In its first four weeks of operations following the opening of its station in 1914, two tons of cream was sent from Kandanga. After the disruption of World War I, dairying and agricultural activity increased rapidly, with a corresponding increase in the transportation of produce on the railway. In 1921 there were 93 dairies located between Dagun and Brooloo, milking 2,900 cows (an average herd size of 31) and producing 586,016 pounds of cream. In October of that year, a combined total of around 350 cans were sent from Kandanga and Imbil railway stations each week. In January 1922, 118,000 pounds of cream, equal to around 27 tons of butter, was sent to the Wide Bay Co-operative Factory at Gympie from suppliers between Brooloo and Amamoor.
The expansion of dairy production during the early twentieth century led to the construction of cream sheds by Queensland Railways at stations and sidings throughout the state. Cream sheds were built to a standard design; measuring 10 ft x 10 ft (3.05 x 3.05 m), clad and lined with horizontal hardwood boards separated by open spaces, with the interior boards offset to cover the outside spaces. The spacing of the boards improved air circulation, resulting in a cooler storage space, reducing the risk of the cream spoiling before reaching the butter factory. Double doors opened out to platforms on either side of the shed for placement and retrieval of cream cans. Sheds were set on low stumps and were sheltered by a gabled roof.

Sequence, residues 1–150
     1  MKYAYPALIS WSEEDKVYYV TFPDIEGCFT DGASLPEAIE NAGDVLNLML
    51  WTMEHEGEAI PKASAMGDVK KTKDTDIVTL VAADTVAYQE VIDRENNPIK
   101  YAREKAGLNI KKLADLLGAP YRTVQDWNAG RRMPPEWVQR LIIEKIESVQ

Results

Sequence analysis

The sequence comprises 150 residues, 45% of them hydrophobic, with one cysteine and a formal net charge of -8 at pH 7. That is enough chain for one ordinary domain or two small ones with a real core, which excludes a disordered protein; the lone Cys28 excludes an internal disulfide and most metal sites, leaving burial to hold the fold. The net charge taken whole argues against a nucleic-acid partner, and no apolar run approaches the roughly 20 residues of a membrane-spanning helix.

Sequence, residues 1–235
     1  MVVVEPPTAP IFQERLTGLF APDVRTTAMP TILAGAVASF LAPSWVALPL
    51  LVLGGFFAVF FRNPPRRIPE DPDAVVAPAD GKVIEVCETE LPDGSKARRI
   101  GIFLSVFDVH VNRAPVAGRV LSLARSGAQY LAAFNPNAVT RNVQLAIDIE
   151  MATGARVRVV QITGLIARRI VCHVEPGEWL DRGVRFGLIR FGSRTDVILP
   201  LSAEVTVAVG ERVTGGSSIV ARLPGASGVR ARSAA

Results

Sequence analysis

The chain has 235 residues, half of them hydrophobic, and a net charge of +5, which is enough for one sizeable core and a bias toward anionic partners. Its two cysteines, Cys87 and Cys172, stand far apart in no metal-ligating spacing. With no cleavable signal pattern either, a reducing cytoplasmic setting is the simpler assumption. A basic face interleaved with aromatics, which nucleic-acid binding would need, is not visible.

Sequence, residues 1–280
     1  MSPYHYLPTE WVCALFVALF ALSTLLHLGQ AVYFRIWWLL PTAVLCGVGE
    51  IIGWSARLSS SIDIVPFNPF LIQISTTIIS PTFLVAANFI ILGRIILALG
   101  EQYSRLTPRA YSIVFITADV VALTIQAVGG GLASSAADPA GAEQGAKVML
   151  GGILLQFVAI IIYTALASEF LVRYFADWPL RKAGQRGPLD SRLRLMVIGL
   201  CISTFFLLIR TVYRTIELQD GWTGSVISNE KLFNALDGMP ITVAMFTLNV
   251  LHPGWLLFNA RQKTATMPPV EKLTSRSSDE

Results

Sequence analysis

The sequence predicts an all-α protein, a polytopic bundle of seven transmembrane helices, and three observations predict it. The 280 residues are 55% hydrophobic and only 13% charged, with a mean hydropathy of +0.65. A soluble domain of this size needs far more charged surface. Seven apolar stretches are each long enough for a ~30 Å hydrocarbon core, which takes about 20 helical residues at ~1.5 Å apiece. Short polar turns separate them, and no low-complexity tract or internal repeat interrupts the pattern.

By 1921, the heavy handling needed to load cream cans and their exposure to heat at Kandanga station was noted. The Railway Commissioner's inspection of the Mary Valley Railway in late 1924, noted the ongoing increase in 'cream traffic' along the line and the arduous work involved for guards who were lifting the cans from platforms on rail level. The Commissioner agreed to cream sheds being provided at Amamoor and Dagun stations and Lagoon Pocket siding. The construction of the cream shed at Amamoor as well as a shed at Imbil was approved in February 1925 at a cost of £80 and £96 respectively. The following month the cream shed at the Lagoon Pocket siding was approved at a cost of £83. A shed at Dawn siding was built sometime after this date and a shed at Melawondi was built in 1946.